This also works  in RealTerm (which is a serial comm package) without any issues. 

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It is because you are checking the bytes available at the port and using that as the number of bytes to read. Without a delay the bytes at port will return 0 so the VISA Read will attempt to read 0 bytes and is essentially skipped. Rather than put a 1 second delay, I would recommend enabling the termination character in your VISA Property node at the start of the VI and set the termination character to 13 (\n) and then set the bytes to read input to a number larger than you would expect from your response message. The VISA Read then will return when the termination character is reached rather than reading a specified number of bytes. This is how the operation is performed in MAX and I believe the default bytes to read is set to 1024.
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Solution
Accepted by topic author PaulJM

@PaulJM wrote:

 

This also works  in RealTerm (which is a serial comm package) without any issues. 


Because RealTerm is programmed differently than what you are trying to do here.  It is a terminal program.  Is Writes out bytes as fast as you type them in,  it Reads bytes as fast as they come in doing this in continuously running loops..  It might be only grabbing 1 or 2 bytes at a time as they come in.

 

You don't have a terminal program in your VI.  You have a communication protocol where you Write a command in its entirety in a single Write.  Then you have a single Read  that will Read all that has been received in the buffer.

 

You've made two major mistakes in your VI with respect to serial communication, and it took too many messages for you to fix it that I'm not sure you completely understand why your original code didn't work.

 

1.  You didn't understand the difference between normal display and \code display.  When you type in "\n" in normal display you are sending 2 different bytes:  a backslash followed by the letter "n".  The device doesn't no what that means and it doesn't mean the end of the command.  So the device waits for the rest of the command that never comes, and things time out.  In \code display "\n" represents a single byte, the linefeed character.  The device's protocol says that is the termination character, so in know when it sees that the command is done and it can proceed to process the command you sent it.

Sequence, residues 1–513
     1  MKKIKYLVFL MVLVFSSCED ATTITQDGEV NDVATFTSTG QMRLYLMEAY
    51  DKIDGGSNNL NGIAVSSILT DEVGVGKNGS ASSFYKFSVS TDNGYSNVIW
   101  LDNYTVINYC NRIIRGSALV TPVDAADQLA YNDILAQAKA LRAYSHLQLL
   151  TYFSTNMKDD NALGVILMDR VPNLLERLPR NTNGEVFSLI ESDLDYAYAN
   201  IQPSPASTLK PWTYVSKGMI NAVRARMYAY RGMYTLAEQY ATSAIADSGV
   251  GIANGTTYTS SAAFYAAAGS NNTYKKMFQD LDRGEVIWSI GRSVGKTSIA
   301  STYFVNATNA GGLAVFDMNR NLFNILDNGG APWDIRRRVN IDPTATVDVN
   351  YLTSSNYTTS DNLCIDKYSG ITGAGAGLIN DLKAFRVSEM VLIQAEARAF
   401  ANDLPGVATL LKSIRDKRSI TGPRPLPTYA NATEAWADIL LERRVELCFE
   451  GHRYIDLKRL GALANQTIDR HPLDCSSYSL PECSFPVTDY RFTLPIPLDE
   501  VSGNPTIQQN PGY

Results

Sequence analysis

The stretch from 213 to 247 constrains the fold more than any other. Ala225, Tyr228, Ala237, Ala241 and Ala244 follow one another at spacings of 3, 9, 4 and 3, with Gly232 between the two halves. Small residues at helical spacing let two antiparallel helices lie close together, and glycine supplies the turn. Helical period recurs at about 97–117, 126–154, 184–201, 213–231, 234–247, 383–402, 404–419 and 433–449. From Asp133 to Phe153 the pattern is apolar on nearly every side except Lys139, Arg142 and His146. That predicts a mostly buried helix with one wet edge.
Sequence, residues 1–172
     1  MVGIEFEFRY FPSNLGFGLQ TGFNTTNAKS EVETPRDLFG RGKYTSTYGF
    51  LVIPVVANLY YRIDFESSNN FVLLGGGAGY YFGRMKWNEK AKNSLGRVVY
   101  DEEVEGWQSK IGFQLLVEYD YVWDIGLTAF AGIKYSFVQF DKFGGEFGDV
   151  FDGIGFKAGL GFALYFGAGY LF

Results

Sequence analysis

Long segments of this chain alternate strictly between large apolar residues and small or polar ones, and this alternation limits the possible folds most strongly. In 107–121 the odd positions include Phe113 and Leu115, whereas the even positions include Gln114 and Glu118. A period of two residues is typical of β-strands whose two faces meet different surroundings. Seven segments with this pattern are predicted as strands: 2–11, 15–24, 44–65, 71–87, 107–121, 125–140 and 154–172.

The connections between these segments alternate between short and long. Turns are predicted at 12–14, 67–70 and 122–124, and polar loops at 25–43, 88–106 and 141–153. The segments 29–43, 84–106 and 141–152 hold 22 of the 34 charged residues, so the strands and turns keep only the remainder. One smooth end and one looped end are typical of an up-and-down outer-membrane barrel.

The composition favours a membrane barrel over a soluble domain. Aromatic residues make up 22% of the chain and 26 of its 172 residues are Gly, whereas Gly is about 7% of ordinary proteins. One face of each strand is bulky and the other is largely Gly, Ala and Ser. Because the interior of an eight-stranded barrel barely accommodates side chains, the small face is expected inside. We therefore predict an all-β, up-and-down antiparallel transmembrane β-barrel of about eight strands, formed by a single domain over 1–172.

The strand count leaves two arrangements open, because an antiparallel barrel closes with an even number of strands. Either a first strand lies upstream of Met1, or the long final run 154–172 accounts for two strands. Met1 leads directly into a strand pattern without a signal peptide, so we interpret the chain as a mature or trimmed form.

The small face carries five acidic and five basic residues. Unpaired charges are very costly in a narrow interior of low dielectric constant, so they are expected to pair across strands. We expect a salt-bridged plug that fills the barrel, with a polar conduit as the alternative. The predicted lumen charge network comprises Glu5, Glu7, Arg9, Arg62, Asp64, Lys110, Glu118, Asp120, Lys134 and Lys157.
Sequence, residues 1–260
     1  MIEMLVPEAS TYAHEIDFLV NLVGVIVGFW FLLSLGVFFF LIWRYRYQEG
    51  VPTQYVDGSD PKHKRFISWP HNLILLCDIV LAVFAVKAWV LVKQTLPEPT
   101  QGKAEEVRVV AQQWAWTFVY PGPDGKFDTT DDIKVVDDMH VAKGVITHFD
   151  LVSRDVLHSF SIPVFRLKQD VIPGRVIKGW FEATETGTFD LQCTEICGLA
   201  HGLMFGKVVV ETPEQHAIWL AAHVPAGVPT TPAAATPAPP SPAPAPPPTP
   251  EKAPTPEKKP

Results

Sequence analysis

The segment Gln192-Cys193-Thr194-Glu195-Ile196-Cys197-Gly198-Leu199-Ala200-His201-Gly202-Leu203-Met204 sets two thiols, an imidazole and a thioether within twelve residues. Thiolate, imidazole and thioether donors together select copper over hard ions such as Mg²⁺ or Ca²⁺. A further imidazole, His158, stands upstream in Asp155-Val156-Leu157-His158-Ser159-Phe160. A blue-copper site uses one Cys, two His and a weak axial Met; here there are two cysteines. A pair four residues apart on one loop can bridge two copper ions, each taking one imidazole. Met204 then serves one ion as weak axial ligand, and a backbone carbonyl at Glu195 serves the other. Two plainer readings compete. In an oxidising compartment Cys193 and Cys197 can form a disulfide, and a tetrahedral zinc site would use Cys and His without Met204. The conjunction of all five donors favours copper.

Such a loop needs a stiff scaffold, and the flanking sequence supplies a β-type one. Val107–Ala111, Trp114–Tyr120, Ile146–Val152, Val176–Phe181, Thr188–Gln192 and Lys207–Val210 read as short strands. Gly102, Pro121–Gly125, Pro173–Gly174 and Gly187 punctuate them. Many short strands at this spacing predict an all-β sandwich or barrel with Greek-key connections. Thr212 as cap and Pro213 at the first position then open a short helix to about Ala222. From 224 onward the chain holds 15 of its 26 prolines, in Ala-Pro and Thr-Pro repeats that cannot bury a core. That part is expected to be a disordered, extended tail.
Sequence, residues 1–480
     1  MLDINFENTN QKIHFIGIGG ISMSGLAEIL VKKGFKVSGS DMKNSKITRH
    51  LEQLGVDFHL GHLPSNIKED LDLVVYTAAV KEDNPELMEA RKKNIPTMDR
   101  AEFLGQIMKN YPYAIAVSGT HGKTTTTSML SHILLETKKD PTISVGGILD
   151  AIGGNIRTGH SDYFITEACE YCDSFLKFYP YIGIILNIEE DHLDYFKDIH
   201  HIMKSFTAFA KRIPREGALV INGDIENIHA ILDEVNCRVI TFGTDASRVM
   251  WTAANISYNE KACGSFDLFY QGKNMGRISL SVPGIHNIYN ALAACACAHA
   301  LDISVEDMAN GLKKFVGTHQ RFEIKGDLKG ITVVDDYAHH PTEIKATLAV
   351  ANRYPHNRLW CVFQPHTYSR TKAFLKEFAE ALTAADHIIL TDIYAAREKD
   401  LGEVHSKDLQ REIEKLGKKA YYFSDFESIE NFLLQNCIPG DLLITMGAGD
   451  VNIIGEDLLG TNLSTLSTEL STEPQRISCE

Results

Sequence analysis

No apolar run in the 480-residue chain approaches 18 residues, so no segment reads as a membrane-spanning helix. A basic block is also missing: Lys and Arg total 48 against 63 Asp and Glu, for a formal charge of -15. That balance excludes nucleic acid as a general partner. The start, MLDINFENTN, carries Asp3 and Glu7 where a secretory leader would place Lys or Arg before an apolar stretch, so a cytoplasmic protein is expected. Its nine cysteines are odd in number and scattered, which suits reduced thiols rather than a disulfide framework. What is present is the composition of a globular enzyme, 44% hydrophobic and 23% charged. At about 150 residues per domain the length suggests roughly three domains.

2.  Bytes at Port.  Too many examples of NI use that node and it is the wrong thing to use 99% of the time.  It checks how many bytes have been received.  Since you check it immediately after writing the command, you didn't give the device any time to read the command, process it, and sent out its complete response.  Usually the value will be 0, and you proceed to read 0 bytes.  So when you put in the wait. (arbitrarily determined as 1 second in this case), you've provided enough time for the device to do its jobs.   The correct thing to do is if the device sends a termination character in its response (probably a linefeed since that is what it is asking for in the command you wrote), you configure the serial port to Enable the termination character and make it a linefeed.  The proceed to not put in an arbitrary wait, just request X number of bytes from the read where X is larger than the longest message you ever expect to receive.  The VISA Read will stop and return the full message up to and including the termination character as soon as that linefeed byte as arrived.  Now instead of waiting a full second for a message, if it arrives sooner, you get the message sooner.